Book documents Sunshine Skyway history
ST. PETERSBURG - With its bright yellow cables and enough fortitude to withstand a ramming from an 87,000-ton ship, the Sunshine Skyway is the tallest bridge in Florida and the fifth-longest span of its kind in the world. The striking cable-stayed bridge has towered over the southern opening of Tampa Bay for nearly 26 years. Its design has earned recognition from the National Endowment of the Arts, and the Travel Channel has ranked it the No. 3 bridge in the world. “It’s become the shorthand for Tampa Bay,” said David Downing, deputy director at the Pinellas County Convention and Visitors Bureau, noting how the bridge’s image factors into logos for banks and municipalities. The bridge also has a remarkable – and, at times, harrowing – story that’s never really been fully told, until now.A book out this month tells the story of the Skyway, along with other notable Bay area bridges. “Man’s attempts to span the bay have been mentioned in pieces, but there isn’t one complete mention of this,” said St. Petersburg historian Nevin Sitler, who co-authored “The Sunshine Skyway Bridge: Spanning Tampa Bay” with his father, Ric. While the Sunshine Skyway wasn’t the first bridge to reach over the bay – the Gandy was – its importance lies in its value as a symbol for Tampa Bay and the fact that, without it, you wouldn’t have a straight shot down Florida’s Gulf Coast. “It’s a story that highlights inventors and investors’ attempts to connect the isolated peninsula of Pinellas with the rest of Florida’s West Coast,” Sitler said. The book coincides with the 87th anniversary of the launch of the Bee Line Ferry, which took passengers on a 90-minute, 15-mile ride between Pinellas Point and Manatee County’s Piney Point. Increased congestion and commerce punctuated the need for a quicker connection between Manatee County and the rest of the state. Just a few generations ago, the only way to get from St. Petersburg to Sarasota was an hours-long trek clockwise around the bay. Now, you can make the journey quickly, for just a dollar. The bridge technically spans three counties, because it cuts through a sliver of Hillsborough. In its planning stages, there was talk of stretching the bridge between Manatee and Hillsborough counties. One of the staunchest advocates for that was former Tampa Tribune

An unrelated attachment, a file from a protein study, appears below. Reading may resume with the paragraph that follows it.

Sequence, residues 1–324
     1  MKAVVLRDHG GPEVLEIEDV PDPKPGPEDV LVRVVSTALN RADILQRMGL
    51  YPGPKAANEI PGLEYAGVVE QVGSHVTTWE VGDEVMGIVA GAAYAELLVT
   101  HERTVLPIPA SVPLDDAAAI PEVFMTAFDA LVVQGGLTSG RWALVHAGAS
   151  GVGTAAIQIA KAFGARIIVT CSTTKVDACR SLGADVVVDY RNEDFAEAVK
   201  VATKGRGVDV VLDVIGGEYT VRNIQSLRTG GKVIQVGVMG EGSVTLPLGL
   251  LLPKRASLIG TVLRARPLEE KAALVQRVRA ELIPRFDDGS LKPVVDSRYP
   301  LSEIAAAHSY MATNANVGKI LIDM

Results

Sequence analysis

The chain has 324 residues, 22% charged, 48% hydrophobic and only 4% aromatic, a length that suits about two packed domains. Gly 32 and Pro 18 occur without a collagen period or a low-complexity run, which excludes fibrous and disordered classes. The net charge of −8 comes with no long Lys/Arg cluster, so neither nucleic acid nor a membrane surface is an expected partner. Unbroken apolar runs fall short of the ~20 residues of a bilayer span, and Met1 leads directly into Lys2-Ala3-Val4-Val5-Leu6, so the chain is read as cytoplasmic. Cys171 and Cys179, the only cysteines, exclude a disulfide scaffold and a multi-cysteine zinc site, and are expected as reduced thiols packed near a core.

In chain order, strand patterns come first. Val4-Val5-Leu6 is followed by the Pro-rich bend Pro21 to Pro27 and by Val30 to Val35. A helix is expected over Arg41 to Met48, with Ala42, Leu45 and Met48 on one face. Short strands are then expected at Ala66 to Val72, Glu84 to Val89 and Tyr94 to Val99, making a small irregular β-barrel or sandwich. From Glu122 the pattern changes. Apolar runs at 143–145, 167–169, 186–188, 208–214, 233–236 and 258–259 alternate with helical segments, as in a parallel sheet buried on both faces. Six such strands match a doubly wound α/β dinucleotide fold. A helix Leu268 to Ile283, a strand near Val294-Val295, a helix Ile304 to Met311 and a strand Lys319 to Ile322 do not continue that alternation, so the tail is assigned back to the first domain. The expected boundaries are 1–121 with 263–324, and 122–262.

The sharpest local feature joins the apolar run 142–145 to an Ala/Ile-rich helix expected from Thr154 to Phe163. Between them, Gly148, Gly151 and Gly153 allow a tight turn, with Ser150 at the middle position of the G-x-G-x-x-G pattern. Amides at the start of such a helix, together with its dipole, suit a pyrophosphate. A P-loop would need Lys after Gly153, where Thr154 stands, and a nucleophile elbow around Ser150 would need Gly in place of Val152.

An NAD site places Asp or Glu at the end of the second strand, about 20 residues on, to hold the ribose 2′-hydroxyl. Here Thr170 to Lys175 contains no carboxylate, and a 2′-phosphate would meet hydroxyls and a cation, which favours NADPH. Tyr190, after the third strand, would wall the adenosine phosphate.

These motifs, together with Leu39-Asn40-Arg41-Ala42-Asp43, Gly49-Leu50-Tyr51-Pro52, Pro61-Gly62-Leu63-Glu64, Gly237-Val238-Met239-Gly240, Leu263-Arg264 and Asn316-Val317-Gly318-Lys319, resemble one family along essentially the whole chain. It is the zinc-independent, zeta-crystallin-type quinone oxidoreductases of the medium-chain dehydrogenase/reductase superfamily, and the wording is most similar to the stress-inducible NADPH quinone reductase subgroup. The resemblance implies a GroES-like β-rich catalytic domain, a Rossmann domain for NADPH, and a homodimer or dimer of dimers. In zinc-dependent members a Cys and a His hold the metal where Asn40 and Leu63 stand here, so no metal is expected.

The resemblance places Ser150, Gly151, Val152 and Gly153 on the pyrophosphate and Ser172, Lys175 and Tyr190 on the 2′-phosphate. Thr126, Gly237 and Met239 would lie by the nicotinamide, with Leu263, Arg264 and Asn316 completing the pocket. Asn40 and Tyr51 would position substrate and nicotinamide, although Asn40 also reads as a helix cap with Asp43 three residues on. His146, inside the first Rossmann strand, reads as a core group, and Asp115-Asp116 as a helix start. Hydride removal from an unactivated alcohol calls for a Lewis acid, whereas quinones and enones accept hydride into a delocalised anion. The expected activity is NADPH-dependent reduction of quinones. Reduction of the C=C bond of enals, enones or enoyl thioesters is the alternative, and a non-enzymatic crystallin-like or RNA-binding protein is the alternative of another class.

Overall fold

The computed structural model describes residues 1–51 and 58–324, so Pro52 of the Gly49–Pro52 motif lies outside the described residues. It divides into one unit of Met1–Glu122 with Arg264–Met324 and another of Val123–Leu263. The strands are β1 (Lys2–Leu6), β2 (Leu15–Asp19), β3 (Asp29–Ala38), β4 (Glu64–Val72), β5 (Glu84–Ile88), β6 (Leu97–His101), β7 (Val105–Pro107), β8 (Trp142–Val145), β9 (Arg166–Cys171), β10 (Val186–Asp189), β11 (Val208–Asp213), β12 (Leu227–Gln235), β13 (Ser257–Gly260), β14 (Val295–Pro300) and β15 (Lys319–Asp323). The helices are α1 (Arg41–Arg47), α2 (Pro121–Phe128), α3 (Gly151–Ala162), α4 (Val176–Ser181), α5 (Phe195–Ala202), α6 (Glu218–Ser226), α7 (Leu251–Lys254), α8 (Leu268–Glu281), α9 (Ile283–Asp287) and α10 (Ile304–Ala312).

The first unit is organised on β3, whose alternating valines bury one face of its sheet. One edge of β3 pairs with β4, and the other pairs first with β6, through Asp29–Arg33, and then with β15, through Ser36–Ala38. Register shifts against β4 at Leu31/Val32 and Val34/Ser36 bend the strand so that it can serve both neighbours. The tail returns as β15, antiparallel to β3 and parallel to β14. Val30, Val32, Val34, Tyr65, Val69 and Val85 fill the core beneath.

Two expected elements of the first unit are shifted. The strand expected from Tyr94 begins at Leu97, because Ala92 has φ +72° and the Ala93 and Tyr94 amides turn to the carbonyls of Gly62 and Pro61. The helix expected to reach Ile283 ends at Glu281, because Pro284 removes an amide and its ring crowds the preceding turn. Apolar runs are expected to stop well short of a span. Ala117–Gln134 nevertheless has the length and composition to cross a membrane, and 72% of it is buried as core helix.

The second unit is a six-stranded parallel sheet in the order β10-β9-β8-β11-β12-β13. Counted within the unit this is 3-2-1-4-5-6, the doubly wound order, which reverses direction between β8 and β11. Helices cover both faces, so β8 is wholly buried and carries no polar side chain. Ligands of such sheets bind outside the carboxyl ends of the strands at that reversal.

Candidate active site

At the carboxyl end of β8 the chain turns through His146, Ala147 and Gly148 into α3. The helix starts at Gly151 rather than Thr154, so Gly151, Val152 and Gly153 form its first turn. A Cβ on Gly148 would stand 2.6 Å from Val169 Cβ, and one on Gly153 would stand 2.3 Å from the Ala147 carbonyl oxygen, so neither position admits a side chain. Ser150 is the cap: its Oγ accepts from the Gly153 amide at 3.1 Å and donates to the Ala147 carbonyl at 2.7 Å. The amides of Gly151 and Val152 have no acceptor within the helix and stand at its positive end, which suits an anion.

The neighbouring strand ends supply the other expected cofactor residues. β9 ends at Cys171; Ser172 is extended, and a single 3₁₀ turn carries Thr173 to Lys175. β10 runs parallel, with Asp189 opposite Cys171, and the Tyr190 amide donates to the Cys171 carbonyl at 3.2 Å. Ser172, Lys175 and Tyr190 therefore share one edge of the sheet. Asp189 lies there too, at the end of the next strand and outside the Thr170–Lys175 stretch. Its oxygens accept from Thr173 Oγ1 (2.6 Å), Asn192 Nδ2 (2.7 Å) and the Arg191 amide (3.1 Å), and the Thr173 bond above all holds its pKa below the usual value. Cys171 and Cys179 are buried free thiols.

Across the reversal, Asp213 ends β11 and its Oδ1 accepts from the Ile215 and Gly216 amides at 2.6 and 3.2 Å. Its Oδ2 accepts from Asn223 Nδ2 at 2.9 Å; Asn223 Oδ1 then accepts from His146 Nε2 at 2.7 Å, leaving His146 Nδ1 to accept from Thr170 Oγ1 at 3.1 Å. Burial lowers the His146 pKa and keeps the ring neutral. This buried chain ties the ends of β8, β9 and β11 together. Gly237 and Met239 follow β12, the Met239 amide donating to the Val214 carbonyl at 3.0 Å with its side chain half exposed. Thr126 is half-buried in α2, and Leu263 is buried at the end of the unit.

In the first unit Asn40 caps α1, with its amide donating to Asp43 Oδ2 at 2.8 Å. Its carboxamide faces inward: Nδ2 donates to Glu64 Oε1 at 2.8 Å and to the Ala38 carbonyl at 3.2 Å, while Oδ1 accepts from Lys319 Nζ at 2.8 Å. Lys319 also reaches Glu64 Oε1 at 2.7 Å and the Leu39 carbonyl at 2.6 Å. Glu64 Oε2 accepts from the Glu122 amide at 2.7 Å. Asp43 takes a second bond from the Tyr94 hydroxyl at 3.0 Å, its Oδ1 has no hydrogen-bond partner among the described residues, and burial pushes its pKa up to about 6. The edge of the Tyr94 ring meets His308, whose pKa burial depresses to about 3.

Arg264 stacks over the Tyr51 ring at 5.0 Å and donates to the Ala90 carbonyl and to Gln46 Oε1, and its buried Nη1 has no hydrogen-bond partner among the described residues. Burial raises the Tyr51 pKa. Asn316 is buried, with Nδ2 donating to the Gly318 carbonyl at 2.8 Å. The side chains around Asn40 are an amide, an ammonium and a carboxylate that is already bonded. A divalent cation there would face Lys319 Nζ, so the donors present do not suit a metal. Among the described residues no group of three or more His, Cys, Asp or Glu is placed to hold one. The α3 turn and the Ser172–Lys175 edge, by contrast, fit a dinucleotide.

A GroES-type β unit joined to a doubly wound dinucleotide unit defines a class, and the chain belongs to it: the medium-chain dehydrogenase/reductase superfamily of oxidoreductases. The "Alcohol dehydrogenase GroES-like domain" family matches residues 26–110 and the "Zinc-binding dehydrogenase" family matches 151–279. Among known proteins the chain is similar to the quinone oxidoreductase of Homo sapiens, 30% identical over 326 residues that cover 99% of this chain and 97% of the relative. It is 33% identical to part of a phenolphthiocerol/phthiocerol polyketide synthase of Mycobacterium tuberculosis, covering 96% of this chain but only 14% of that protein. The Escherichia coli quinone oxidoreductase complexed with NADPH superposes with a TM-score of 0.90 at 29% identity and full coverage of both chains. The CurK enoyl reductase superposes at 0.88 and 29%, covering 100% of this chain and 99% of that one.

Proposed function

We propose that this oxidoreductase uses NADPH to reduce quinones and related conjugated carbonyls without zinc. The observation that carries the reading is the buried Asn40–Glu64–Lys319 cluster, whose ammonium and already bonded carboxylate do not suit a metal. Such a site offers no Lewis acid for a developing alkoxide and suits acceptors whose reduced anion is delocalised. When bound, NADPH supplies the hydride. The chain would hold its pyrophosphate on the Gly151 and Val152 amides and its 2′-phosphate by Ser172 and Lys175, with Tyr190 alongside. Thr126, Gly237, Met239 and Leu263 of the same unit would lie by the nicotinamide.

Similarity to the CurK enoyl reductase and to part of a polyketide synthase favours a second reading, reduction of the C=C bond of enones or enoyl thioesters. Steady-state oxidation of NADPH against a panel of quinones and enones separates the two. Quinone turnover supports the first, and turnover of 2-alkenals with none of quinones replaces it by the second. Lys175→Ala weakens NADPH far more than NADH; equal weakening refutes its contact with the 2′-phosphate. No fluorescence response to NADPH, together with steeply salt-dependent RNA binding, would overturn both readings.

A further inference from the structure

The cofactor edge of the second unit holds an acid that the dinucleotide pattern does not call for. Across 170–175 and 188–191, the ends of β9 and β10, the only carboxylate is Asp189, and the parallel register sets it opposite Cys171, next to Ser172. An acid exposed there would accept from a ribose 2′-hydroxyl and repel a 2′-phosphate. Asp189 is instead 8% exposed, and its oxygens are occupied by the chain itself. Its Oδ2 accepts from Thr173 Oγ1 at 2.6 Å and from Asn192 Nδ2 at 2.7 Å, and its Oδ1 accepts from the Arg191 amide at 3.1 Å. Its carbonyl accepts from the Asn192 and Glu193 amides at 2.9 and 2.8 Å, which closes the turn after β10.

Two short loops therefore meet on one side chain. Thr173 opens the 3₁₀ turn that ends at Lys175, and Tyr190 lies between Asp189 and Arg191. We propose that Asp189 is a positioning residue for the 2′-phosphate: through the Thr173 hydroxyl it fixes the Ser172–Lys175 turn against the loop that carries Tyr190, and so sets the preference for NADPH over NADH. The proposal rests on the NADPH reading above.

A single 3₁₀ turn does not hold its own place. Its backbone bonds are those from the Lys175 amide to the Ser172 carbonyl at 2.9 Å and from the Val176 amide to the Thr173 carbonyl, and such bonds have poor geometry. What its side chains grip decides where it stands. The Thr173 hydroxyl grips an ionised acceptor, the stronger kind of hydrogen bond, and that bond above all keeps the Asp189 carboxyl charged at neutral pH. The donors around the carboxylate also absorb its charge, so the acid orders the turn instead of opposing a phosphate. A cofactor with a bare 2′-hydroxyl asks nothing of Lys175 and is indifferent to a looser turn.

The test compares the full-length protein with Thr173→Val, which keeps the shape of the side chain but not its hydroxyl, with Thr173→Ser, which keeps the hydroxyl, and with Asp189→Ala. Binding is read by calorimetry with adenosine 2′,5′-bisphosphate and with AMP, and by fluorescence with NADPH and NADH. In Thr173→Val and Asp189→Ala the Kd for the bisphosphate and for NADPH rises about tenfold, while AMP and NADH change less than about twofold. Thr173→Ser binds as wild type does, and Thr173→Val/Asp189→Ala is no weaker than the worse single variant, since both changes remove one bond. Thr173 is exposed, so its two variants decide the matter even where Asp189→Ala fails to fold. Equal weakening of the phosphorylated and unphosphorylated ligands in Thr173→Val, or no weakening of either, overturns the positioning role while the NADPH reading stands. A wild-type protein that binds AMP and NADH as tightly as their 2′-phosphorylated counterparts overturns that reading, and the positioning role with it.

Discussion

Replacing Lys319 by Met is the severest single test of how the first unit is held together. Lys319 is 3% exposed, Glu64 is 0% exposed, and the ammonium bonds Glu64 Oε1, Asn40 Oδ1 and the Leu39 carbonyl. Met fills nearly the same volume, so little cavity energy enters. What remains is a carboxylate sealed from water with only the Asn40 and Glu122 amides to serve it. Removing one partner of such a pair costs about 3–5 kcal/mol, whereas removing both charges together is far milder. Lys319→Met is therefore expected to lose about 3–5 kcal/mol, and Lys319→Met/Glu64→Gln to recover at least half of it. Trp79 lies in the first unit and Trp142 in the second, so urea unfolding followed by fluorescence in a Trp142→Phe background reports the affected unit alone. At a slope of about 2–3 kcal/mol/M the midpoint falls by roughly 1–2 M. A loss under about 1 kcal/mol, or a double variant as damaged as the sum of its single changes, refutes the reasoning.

managing editor Virgil “Red” Newton, whom the Sitlers said was a sworn enemy of then-Gov. Fuller Warren, and might be part of the reason the bridge runs between Manatee and Pinellas.
The Skyway initially opened as a two-lane bridge in 1954, but as the region grew, increased congestion led to construction of a nearly identical span, which opened beside it in 1971 to accommodate southbound traffic.
That newer span bore the brunt of one of the biggest disasters to hit the area nine years later, when the phosphate freighter Summit Venture ran into the bridge, causing a massive breach that sent vehicles, including a Greyhound bus carrying 35 passengers, plunging into the bay.
“It’s a marker in time — one of those before — and after moments of the destination,” Downing said.
That disaster happened just months on the heels of the Blackthorn incident, a fatal collision between a tanker and a Coast Guard vessel that happened near the bridge.
Allan Horton, then a reporter for the Sarasota Herald-Tribune, still remembers his editor calling him one foggy morning to cover the bridge collapse on May 9, 1980.
“I walked out to the edge of the span and looked down, and there was the bus floating there,” he said. “And you couldn’t see through the windshield, thank goodness. But you knew nobody was going to survive.”
Horton’s other connection to the bridge is his father, Freeman Horton, the engineer who designed the initial span.
“I actually worked on the crew that surveyed Tampa Bay in my father’s boat,” he said.
When it was time to add the second span, the new governor went with another firm with a slightly different design that left out heavy wooden “timbers” that may have softened the blow from the ship.
Another dark chapter in the Skyway’s history involves the people who have jumped from the bridge over the years, trying to kill themselves. The Sitlers struggled with how to cover a topic that already garners frequent attention and settled on telling that part of their Skyway’s story through retired state trooper Ken King. Nicknamed “Sky” King, Sitler said he talked at least 10 potential jumpers out of going off the bridge.
“Obviously we had to bring it up,” he said. “Being able to do it on a positive note by showcasing the heroism of Ken King was able to accomplish that without being macabre.”
The 4.1-mile, $244 million-bridge dubbed the Bob Graham Sunshine Skyway Bridge opened with great fanfare on April 20, 1987. Downing thinks of it as more than a bridge. It’s an experience — “the best dollar you’ll spend while you’re here,” as a recent visitors guide describes it.
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